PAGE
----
This article was published more than 3 years ago. Some information in it may no longer be current.
Facts & Arguments is a daily personal piece submitted by readers. Have a story to tell? See our guidelines at tgam.ca/essayguide.
“S behind the gate,” my parents would tell me in hopes of ridding me of my lisp to improve my speech and enunciation skills.
The day before starting Grade 1, I was sitting in the kitchen with my parents when I became filled with (what I now know to be) angst. “What if no one likes me because I have hearing aids?” I asked. Without hesitation, my parents responded with: “What’s not to like about you? Everyone has challenges in life, and yours just happens to be physical.”
Growing up in an environment that believes in and fights for equality, I was somewhat raised in a bubble, sheltered from the “real world.” I knew that I was different. When I walked down the street, kids would stare at my hearing aids and ask the adult next to them what that thing in my ear was. I was treated differently, often talked down to, but I didn’t have the correct language to identify what I was going through.
I didn’t expect that the majority of people in my life would be uneducated around issues of disability, never mind that I’d be discriminated against. I could not grasp why, the second I stepped out of my loving and reassuring household, my uniqueness was mistaken for incapacity.
Although I had a longing to be and look like everyone else, to blend in, I wore my hearing aids proudly. My ear moulds were often brightly coloured, glittered, even glow-in-the-dark.
But as I grew into an anxiety-ridden preteen, I realized I was a target, and more susceptible to being taken advantage of. Not receiving praise, or encouragement, from most of my teachers damaged my self-esteem. They were instructed to wear an FM system, a microphone and amplifier that increased sound to my hearing aids, around their necks. Some teachers would turn their backs and say, “Ugh, she’s so stupid,” and of course I could hear them.
Although my parents told me I was capable like any other person, the majority of the outside world thought otherwise. With this realization came self-doubt and decades of second-guessing myself. Somewhere along the way, I developed a toughened façade that I won’t dare shake. I could not understand what could possibly be so problematic or unnecessarily time-consuming about me receiving accommodations for my hearing loss.
Many students with disabilities are denied proper accessibility within the education system, which has hindered many including myself from living up to our full potential. Once I learned the term “ableism,” I realized there is a specific discrimination against those who are disabled. I can’t recall the day I started identifying my hearing loss as a disability rather than a challenge, but I remember the day I wholeheartedly decided to make fighting this my life’s work.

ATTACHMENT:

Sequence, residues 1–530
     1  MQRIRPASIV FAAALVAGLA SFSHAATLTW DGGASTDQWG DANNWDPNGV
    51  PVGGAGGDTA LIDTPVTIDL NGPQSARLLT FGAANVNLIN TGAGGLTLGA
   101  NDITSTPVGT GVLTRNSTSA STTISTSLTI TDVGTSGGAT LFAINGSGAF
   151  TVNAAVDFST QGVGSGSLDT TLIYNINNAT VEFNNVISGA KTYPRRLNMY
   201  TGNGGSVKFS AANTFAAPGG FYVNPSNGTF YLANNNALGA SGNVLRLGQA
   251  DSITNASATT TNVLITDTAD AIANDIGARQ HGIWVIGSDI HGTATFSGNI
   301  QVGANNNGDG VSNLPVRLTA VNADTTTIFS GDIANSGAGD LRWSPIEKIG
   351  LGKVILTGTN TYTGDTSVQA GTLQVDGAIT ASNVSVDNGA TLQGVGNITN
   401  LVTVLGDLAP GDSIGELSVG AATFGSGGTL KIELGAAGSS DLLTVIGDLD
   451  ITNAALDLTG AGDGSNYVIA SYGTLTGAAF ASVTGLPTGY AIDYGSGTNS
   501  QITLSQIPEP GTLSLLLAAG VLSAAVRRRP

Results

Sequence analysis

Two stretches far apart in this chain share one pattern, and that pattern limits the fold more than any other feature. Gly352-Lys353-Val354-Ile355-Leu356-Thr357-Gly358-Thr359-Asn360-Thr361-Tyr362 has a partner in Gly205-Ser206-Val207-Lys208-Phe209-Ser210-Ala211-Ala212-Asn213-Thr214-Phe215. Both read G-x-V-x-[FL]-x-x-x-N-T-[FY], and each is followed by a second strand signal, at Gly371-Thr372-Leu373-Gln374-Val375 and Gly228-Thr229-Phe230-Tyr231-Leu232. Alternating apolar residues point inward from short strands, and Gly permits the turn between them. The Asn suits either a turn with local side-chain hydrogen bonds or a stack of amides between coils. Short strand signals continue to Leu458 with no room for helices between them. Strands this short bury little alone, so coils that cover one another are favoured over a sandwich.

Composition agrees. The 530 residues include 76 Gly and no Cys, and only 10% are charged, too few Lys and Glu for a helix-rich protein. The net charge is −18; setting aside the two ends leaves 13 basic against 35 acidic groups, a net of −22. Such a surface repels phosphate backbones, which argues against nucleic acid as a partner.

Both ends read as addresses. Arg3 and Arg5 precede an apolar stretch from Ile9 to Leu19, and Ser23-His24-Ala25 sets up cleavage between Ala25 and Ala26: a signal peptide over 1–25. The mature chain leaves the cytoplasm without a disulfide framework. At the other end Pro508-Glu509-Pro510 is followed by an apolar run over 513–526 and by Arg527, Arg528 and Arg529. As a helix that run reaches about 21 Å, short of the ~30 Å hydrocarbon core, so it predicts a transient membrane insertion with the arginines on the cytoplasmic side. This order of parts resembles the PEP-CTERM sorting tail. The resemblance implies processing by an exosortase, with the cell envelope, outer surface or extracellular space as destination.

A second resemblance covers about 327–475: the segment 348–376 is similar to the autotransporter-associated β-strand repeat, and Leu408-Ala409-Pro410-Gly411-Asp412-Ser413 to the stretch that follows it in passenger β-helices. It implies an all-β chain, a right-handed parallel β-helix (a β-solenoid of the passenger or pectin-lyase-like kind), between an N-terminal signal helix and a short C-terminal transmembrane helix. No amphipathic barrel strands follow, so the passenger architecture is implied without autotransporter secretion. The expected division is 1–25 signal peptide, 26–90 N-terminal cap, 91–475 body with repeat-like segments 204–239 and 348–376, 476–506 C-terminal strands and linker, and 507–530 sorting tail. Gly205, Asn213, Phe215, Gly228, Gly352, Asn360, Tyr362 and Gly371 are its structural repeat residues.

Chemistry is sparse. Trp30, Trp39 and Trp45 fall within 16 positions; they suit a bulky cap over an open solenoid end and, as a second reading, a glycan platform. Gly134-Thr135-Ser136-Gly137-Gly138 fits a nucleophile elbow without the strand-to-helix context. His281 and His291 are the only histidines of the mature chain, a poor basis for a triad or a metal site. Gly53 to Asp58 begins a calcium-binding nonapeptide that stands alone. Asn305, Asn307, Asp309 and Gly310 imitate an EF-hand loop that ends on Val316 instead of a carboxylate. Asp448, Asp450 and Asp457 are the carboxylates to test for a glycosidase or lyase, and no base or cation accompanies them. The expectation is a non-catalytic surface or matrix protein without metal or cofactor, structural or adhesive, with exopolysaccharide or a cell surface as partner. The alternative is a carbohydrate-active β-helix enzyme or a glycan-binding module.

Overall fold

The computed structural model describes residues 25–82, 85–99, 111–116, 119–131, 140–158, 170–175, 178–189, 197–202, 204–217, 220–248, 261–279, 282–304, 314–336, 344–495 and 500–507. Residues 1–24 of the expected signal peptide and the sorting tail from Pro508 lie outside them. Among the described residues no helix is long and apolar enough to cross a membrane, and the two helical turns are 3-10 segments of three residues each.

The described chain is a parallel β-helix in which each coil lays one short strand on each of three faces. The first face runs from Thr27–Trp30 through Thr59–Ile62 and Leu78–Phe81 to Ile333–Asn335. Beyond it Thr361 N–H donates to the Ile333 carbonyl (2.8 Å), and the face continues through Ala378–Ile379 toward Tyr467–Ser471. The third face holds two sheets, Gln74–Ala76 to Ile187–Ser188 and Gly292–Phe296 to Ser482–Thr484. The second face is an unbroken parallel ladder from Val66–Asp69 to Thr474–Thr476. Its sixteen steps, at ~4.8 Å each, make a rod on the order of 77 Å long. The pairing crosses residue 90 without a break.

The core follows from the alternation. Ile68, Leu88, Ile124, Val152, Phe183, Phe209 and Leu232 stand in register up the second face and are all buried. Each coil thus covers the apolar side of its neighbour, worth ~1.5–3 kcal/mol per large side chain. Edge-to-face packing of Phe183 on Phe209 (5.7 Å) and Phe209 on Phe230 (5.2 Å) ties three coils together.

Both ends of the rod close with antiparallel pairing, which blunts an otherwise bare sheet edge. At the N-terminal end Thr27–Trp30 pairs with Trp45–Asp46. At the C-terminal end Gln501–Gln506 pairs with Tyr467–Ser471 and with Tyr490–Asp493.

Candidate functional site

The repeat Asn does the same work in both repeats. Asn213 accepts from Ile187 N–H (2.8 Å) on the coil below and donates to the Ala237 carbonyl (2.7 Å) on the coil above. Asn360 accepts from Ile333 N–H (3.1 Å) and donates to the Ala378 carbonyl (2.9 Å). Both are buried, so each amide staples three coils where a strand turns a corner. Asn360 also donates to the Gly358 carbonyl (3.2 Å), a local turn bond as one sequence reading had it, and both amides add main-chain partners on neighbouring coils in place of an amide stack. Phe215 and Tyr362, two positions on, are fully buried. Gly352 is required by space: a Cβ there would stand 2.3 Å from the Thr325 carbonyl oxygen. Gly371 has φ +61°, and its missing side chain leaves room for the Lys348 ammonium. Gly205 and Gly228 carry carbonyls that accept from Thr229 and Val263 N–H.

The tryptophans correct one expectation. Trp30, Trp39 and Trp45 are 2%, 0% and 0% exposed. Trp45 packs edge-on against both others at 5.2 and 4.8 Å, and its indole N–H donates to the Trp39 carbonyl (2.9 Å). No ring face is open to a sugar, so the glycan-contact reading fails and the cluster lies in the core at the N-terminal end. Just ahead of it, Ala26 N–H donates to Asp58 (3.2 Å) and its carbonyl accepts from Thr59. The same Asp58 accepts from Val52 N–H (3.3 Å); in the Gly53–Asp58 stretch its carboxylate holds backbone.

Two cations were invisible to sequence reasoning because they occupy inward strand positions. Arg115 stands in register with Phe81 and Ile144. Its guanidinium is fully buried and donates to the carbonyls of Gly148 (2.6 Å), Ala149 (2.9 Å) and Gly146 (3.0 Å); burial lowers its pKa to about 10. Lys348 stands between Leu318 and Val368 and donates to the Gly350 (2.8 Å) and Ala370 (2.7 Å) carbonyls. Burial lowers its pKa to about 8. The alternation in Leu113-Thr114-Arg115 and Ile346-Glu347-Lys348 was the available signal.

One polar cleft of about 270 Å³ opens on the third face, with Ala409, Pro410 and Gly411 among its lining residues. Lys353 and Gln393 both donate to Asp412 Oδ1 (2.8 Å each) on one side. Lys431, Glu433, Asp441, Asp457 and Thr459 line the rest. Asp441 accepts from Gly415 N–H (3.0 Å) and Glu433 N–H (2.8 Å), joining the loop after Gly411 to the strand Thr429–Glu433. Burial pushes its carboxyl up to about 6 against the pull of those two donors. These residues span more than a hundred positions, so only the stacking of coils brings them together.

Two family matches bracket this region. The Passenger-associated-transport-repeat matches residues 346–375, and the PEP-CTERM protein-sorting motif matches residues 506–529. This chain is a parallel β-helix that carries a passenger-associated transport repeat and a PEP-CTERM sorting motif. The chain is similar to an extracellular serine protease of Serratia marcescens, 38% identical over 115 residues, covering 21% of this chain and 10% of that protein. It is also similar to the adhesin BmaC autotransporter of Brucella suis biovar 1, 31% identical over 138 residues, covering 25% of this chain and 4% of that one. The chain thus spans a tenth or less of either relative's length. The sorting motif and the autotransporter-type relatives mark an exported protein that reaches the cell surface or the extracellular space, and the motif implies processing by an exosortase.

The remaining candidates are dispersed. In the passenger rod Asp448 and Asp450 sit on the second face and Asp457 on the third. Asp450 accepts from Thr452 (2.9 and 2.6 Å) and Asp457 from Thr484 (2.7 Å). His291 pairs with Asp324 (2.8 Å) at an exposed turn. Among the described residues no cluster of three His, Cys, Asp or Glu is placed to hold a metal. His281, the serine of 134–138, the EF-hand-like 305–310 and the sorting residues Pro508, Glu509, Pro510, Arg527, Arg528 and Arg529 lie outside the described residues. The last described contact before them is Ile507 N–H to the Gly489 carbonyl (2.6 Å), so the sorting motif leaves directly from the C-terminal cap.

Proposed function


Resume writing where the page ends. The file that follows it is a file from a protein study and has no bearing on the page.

This passion did not come easily or bring me happiness, in all sorts of ways. I grew tired easily. I didn’t have the same energy I’d had as a child, and staying angry became tedious. Instead of expecting compassion from others, I began to expect harsh judgment and non-acceptance. Learning that, according to society, no matter how much I excel at something I am just not good enough, shattered my illusions about what life was all about. I found myself not wanting to inform others of my hearing loss for fear of it being held against me. I felt so lonely and incapable of achieving what I once believed I could, like I shouldn’t even be dreaming – that I may not be able to get even an ordinary job.
What ableism does is make many, including myself, feel as if our options are limited, that all the possibilities in life are not obtainable by us. This is indeed a mentality that I have been taught and it is a fault of the system.
My life’s goal is the elimination of ableism and the barriers that are presented to people with disabilities. I try to model this by correcting ableist language and not apologizing to people who think my disability is an inconvenience for them. I am often asked if I sleep with my hearing aids on, and I respond with, “Do you sleep with your glasses on?” Access to hearing aids should be identical to glasses.
I am not looking for sympathy, or to be a token of inspiration for your life: What people with disabilities want is inclusion and accessibility; to not have to ask for basic human rights on a daily basis. When able-bodied actors are hired to play disabled characters, even though disabled actors are searching for work, that is wrong. Not to mention, I have never seen a disabled person of colour represented in any mainstream disability organization I have come across.
We need able-bodied people to help in this movement, just like every movement needs allies. However, disabled people should always have the mic first. The majority of hard-of-hearing folks grow up mainstreamed and isolated – withdrawn from the deaf and hard-of-hearing culture and community – as I did. Now, I’ve begun to incorporate myself into that community to connect with others who share similar barriers and the passion to create change.
I did not grow up fluent in sign language but I am learning it and have participated in public-speaking competitions for the deaf and hard of hearing. For this to be my life’s work, I must begin with myself.
Kalia Douglas-Micallef lives in Toronto.